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chem303.s1.d05

cava chem 303 s1 1.06 Mixtures

QuestionAnswer
Homo- = [...] Homo- = same
Hetero- = [...] Hetero- = different
[...] = We use this word to refer to mixtures that LOOK like they are all one substance. For example, milk looks like it’s all just a white substance, but it’s actually lots of things mixed together. Homogenous (home–ODJ-enus)= We use this word to refer to mixtures that LOOK like they are all one substance. For example, milk looks like it’s all just a white substance, but it’s actually lots of things mixed together.
[...] = A mixture that LOOKS like one. You can SEE that it’s made of different things (e.g. chicken soup; you can see noodles and chunks of chicken) Heterogenous (heter-ODJ-enus) = A mixture that LOOKS like one. You can SEE that it’s made of different things (e.g. chicken soup; you can see noodles and chunks of chicken)
IGNORE K12’s definition of homogenous and heterogenous. The only thing that matters is what the mixture [...] like; not how evenly distributed the molecules are IGNORE K12’s definition of homogenous and heterogenous. The only thing that matters is what the mixture LOOKS like; not how evenly distributed the molecules are
Chemists separate [-s] by taking advantage of different physical properties of substances. Chemists separate mixtures by taking advantage of different physical properties of substances.
[-tion] can be used to separate a mixture if the particles have different sizes. (in practice, [...] works best for larger solid particles in a liquid… think coffee grinds in water) Filtration can be used to separate a mixture if the particles have different sizes. (in practice, filtration works best for larger solid particles in a liquid… think coffee grinds in water)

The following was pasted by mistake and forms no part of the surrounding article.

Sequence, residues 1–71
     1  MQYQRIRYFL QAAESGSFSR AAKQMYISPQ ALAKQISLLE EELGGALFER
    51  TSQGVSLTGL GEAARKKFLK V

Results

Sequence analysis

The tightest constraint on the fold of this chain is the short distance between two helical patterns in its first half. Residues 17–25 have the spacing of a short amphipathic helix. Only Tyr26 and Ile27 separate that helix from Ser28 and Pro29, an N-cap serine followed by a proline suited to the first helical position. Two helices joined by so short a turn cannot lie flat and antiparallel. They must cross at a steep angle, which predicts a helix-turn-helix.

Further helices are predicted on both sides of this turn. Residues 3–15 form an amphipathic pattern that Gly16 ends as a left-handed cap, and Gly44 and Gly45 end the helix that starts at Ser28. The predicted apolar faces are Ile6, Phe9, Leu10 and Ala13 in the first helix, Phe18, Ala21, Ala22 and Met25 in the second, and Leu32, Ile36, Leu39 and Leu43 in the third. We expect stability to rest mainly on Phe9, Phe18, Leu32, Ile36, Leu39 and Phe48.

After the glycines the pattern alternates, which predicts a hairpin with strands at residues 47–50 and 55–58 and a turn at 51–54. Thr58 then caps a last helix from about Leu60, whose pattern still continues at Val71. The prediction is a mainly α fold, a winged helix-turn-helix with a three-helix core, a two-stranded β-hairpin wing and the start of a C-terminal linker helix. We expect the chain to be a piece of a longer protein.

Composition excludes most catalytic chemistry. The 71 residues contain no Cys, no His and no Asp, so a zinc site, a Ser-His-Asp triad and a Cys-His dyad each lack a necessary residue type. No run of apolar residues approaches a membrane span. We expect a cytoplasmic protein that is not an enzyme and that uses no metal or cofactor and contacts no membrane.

Distillation separates mixtures on the basis of [...] differences (one substance [...] away, leaving the others behind) Distillation separates mixtures on the basis of boiling point differences (one substance boils away, leaving the others behind)
Simple Distillation isolates [#] substance(s) from the rest of the mixture. Simple Distillation isolates one substance from the rest of the mixture.
Fractional Distillation isolates [...] from a mixture… this is commonly done to separate crude oil into different kinds of natural gases and oils. Fractional Distillation isolates several substances from a mixture… this is commonly done to separate crude oil into different kinds of natural gases and oils.
A fraction is a [...] of the whole. A fraction is a part of the whole.
Fractional distillation separates out [...] (fractions) from the whole. Fractional distillation separates out several ‘parts’ (fractions) from the whole.
Chromatography is a separation technique based on the [...] that parts of a mixture move through other substances. Chromatography is a separation technique based on the rate that parts of a mixture move through other substances.